A unique strategy game for a more patient audience.
After playing it for a while, I'm not sure I'm actually one of those folks, but I do find the game undeniably charming. The game plays out like a board game (picture Risk for a point of reference), with a map full of warring nations as its focus. It's basically your job to conquer the world. Simple enough, right?
Each month there's a certain task (chosen seemingly randomly) you must see to, i.e. foreign affairs, strategy, taxes, battle, etc. All nations must see to the same given task each month, so the playing field is level in that regard. A month of taxes, for example, will have you...taxing your people, of course, as well as assigning troops to your generals. Battles, on the other hand, are where the only real action comes into play.
Visually, battles seem to play out as some sort of RTS, but in reality, it's much more simple than that -- for good and bad. You can have up to three generals on the battlefield at once, each with up to 400 soldiers. However, you move troops as groups by tracing on the touch screen. It's kind of clumsy, and troops often get in the way of each other, but the concept is still pretty cool. It's a rock-paper-scissors thing, where swords beat magic, magic beats shields, and shields...well, beat swords. Abuse that strategy, and half the battle is won.
For me, what makes the game especially interesting is in how the game requires you to be flexible as a nation. With battle months sometimes popping up too often for you to rally enough troops to defend yourself, you'll ultimately have to settle for becoming a vassal nation. Doing so means you wait patiently to once again rebuild your nation and take back your country's fate.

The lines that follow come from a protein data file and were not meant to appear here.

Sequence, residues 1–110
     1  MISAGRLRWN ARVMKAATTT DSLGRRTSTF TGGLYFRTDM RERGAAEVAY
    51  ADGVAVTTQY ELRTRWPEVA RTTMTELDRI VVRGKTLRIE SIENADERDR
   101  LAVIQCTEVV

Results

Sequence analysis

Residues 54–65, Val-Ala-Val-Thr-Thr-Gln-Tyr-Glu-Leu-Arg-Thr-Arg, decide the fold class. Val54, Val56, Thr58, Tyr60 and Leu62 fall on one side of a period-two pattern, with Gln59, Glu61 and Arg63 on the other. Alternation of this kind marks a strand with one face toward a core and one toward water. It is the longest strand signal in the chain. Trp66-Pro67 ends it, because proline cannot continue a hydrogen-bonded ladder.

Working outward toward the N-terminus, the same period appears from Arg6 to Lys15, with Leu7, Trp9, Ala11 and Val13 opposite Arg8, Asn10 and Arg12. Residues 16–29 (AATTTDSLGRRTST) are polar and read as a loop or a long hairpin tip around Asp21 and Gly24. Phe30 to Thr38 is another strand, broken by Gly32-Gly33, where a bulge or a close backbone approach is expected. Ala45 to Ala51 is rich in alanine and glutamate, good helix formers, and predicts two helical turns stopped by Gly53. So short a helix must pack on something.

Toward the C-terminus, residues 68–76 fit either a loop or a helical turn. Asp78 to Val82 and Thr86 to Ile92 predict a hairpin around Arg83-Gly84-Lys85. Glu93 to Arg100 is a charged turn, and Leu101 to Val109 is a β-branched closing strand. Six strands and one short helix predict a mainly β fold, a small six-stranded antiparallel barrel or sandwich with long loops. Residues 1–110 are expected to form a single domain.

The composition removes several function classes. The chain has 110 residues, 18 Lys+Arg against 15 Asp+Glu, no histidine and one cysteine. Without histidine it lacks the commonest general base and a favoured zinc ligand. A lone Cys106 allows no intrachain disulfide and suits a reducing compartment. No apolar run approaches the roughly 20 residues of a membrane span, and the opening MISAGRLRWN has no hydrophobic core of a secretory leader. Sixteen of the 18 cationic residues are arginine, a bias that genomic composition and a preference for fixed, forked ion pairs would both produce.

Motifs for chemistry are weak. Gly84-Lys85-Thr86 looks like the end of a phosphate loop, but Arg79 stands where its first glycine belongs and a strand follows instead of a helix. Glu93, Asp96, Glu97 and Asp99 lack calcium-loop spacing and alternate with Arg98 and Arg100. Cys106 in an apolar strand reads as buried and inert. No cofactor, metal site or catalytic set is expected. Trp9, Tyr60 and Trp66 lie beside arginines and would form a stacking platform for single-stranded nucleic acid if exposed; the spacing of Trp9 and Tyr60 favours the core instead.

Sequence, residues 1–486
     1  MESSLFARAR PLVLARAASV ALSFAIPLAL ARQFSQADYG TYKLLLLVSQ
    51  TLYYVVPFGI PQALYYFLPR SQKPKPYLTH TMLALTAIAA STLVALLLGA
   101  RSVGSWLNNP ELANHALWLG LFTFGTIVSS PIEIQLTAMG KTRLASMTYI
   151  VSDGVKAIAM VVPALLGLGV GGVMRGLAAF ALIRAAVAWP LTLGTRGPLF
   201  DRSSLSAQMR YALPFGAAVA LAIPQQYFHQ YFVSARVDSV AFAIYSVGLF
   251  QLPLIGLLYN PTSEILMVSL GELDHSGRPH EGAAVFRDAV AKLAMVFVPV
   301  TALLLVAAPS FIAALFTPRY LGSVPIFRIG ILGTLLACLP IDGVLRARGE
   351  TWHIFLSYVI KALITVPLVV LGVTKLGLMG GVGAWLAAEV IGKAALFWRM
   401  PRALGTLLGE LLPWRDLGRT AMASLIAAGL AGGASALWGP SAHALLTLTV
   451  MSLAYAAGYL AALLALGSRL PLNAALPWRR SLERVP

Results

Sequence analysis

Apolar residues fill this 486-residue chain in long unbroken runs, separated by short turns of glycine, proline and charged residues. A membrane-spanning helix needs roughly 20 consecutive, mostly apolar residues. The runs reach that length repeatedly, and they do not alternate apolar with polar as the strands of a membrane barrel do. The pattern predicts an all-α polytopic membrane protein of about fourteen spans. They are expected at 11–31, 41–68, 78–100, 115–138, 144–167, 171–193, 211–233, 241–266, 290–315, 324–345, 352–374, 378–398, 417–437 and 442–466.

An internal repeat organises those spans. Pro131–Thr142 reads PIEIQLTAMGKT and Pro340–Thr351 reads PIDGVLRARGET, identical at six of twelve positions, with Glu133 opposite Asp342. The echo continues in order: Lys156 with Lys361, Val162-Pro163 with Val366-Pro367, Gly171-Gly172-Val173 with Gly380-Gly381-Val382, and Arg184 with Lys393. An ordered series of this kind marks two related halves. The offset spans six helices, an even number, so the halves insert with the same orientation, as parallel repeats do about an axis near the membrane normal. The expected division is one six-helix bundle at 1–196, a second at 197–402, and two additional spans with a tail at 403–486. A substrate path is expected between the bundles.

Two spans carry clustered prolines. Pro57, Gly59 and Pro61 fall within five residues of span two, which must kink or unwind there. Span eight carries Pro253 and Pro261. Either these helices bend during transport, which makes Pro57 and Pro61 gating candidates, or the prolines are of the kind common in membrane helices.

Unfortunately, much of the game plays itself, and there's lots of details, such as flooding, famine and other disasters that occur that don't seem to have any real bearing on the outcome of war. Each month you're updated on occurrences around the world, but your part as the player is kept a wee bit too simplified. The story, too, is pretty trite, though the attempt at adding some sort of impetus for conquest is appreciated, nonetheless.
In terms of presentation, it's a decent game to look at, but it's mostly a matter of sifting through text, dealing with management and the like. The real-time battles look cute, but once you've seen one, you've pretty much seen everything the game has to offer visually. Additionally, the music is very repetitive, though the sound effects are admittedly delightful.
I kind of want to recommend Spectral Force Genesis, but only on a "try" basis. It's one of those odd, little gems that isn't for everyone, and even those folks who get into it will likely tire quickly of the game's simple nature. It's a cool concept that brings back old ideas, as well as offering up new ones, but it's a limited package to say the least.